San Diego man convicted in fentanyl-xylazine case as local evidence grows of dangerous ‘tranq’ drug

The downtown resident told investigators after his arrest in April that he was a middleman in a fentanyl distribution pipeline. He would buy drugs in bulk from a supplier, repackage them and ship them across the country, keeping a small portion of the profits.

Somewhere along this process, someone tried to make the fentanyl supply appear larger than it actually was by cutting it with another substance, the animal tranquilizer xylazine.

On Friday, U.S. District Judge Jinsook Ohta sentenced that middleman, a 40-year-old forklift operator who was also a drug addict, to five years in federal prison. Earlier this year, he admitted in a plea deal to possessing more than 2 kilograms of fentanyl with the intent to distribute the drugs. He also admitted that the fentanyl tested positive for xylazine.

Known as a tranquilizer or tranquilizing drug when it is transformed into fentanyl and heroin and sold on the streets, xylazine can prolong the effect of other drugs. But the substance intended to sedate farmed animals such as horses and cattle can also cause them to faint for hours, leaving them vulnerable, and create festering sores at injection sites that can kill limbs and result in amputations.

The growing presence of xylazine in the U.S. illicit drug supply has drawn the attention of law enforcement and lawmakers this year. Months after a New York Times story first highlighted illicit drug use, a bipartisan group of congressmen introduced identical bills in the Senate and House of Representatives to legislate on the drug, while the White House in April , designated it as an emerging threat.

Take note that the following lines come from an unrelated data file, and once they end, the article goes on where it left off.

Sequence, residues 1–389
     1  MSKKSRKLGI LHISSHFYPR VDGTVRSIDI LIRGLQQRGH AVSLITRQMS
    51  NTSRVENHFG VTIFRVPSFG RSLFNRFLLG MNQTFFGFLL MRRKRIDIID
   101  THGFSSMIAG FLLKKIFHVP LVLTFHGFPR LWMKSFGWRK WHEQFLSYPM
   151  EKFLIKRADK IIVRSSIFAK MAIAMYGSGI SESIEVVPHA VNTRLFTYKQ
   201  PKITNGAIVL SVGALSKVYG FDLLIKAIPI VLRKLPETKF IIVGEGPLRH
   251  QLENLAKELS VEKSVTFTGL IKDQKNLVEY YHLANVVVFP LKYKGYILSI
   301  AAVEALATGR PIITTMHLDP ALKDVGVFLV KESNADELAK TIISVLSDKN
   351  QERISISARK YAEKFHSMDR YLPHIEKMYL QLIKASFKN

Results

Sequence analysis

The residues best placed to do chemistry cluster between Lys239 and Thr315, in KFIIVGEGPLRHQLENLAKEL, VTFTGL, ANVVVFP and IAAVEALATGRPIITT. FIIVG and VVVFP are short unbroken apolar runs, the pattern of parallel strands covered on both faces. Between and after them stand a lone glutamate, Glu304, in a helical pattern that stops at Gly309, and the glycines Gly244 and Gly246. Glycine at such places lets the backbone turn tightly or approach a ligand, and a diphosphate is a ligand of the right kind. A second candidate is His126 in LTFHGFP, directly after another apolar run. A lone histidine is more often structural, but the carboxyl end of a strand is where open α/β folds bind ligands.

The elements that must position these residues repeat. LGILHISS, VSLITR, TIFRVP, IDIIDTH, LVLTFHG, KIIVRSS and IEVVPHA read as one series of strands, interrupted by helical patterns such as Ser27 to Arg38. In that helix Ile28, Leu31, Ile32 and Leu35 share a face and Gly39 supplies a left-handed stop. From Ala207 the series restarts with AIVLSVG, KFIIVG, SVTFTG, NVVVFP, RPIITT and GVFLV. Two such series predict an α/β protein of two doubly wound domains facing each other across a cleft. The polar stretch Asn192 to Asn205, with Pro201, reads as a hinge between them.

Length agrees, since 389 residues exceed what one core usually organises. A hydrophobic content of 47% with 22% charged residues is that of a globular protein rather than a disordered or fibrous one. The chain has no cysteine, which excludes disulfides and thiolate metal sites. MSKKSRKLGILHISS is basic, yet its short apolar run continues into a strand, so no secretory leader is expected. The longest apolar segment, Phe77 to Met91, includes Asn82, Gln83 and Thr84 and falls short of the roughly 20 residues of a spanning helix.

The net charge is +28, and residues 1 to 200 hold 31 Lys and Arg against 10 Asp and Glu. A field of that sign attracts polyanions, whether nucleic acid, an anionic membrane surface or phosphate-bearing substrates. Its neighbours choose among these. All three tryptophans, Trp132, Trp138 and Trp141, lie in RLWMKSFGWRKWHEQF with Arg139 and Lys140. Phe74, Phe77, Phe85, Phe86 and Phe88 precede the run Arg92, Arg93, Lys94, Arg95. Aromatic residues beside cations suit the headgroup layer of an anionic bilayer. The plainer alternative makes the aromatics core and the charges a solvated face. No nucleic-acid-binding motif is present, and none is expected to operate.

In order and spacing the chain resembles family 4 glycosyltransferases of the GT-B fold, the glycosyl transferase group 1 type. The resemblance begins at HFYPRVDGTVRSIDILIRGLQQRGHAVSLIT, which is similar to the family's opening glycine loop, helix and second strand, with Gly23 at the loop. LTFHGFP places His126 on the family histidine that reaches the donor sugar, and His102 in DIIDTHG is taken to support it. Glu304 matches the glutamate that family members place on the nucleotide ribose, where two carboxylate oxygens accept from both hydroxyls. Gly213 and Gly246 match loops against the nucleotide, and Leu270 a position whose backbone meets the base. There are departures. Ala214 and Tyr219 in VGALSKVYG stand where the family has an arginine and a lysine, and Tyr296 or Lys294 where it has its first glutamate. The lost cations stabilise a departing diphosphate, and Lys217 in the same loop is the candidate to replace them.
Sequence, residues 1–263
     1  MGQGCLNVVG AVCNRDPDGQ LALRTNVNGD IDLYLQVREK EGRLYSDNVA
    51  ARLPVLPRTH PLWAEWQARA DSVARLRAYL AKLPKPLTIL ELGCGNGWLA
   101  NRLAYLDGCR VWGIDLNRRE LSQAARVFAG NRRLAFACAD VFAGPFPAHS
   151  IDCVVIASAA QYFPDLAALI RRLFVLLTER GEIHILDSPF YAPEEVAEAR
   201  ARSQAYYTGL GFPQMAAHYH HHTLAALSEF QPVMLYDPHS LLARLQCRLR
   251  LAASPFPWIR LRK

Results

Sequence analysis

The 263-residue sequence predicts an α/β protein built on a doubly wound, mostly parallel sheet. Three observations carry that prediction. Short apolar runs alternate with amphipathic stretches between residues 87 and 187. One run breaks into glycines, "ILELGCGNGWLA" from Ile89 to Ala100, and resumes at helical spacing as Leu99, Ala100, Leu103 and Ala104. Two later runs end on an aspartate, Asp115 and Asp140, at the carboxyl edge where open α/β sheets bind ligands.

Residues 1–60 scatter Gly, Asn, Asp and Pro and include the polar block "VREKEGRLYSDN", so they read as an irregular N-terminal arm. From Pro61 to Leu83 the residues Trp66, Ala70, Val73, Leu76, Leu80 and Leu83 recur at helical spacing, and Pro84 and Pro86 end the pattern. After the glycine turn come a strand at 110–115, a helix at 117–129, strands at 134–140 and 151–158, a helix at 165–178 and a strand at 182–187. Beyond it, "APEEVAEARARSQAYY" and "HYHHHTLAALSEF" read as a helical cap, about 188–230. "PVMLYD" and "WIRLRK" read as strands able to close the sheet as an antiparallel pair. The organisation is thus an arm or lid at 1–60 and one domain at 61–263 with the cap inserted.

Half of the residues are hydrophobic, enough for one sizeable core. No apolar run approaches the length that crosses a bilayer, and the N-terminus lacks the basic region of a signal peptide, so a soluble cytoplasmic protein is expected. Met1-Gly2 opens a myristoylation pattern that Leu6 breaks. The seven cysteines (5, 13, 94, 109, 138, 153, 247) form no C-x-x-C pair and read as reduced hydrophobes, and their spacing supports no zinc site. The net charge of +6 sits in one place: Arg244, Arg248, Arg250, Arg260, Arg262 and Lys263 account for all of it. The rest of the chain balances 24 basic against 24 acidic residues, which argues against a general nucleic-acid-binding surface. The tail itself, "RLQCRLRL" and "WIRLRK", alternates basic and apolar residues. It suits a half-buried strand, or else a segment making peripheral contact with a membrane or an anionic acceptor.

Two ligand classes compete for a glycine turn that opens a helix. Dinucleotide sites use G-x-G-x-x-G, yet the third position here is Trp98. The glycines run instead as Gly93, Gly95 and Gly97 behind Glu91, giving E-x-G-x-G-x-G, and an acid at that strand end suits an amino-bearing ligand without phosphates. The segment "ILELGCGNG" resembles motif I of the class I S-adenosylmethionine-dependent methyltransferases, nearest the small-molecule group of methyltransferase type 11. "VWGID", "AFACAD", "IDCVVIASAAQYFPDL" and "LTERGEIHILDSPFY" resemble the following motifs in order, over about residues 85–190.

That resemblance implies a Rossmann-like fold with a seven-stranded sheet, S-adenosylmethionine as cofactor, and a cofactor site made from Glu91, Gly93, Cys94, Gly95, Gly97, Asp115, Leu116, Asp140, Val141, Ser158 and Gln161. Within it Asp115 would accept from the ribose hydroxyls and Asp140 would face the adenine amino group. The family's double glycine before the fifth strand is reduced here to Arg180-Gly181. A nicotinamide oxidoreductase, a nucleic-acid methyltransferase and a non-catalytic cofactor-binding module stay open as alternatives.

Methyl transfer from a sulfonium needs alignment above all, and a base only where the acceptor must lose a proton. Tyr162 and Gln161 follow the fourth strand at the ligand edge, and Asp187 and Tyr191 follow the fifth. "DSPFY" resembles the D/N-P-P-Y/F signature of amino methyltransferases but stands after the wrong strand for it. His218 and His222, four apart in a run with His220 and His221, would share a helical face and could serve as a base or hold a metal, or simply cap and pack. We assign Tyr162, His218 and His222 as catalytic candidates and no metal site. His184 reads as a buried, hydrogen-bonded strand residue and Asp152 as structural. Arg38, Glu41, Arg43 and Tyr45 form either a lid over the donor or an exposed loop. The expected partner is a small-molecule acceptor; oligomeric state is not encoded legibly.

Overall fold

While it’s unclear exactly how prevalent xylazine has become in the illicit drug supply in San Diego County, Friday’s ruling was further proof, and one of the most detailed examples yet, that tranquilizing drugs have reached to San Diego.

We are aware of this emerging drug and the dangers that come with it, Lt. David LaDieu, a spokesman for the San Diego County Sheriff’s Department, wrote in an email Friday.

LaDieu said the sheriff’s crime lab, which processes and identifies drugs seized by deputies and sheriff’s officers from most other county police departments except San Diego, has so far in 2023 detected the presence of xylazine in 16 of 284 cases.

That’s about 5.6 percent. That’s more than about 4% of fentanyl samples that tested positive for xylazine during a three-month pilot testing program by the Los Angeles County Sheriff’s Department.

In January, a spokesperson for the Drug Enforcement Administration’s San Diego field office reported that xylazine had been detected 23 times in the past two fiscal years, four times in 2021 and 19 times in 2022, during testing of drugs seized in San Diego. Diego and the imperial counties.

The agency was unable to provide an update on those numbers as of Friday, but a spokesperson said many of the drugs seized by the DEA and tested at the regional laboratory are transient and therefore do not necessarily paint the same picture as the local drug supply. drugs that tests done by sheriffs and police labs.